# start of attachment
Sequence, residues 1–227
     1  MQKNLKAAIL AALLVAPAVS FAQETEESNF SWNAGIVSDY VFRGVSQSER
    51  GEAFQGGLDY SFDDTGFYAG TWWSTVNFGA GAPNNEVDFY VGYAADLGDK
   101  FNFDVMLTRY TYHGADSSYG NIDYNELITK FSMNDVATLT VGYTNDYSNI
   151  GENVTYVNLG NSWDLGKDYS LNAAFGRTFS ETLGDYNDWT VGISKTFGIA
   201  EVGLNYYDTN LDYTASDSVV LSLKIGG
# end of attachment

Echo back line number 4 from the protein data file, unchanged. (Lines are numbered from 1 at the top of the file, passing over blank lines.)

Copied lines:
   101  FNFDVMLTRY TYHGADSSYG NIDYNELITK FSMNDVATLT VGYTNDYSNI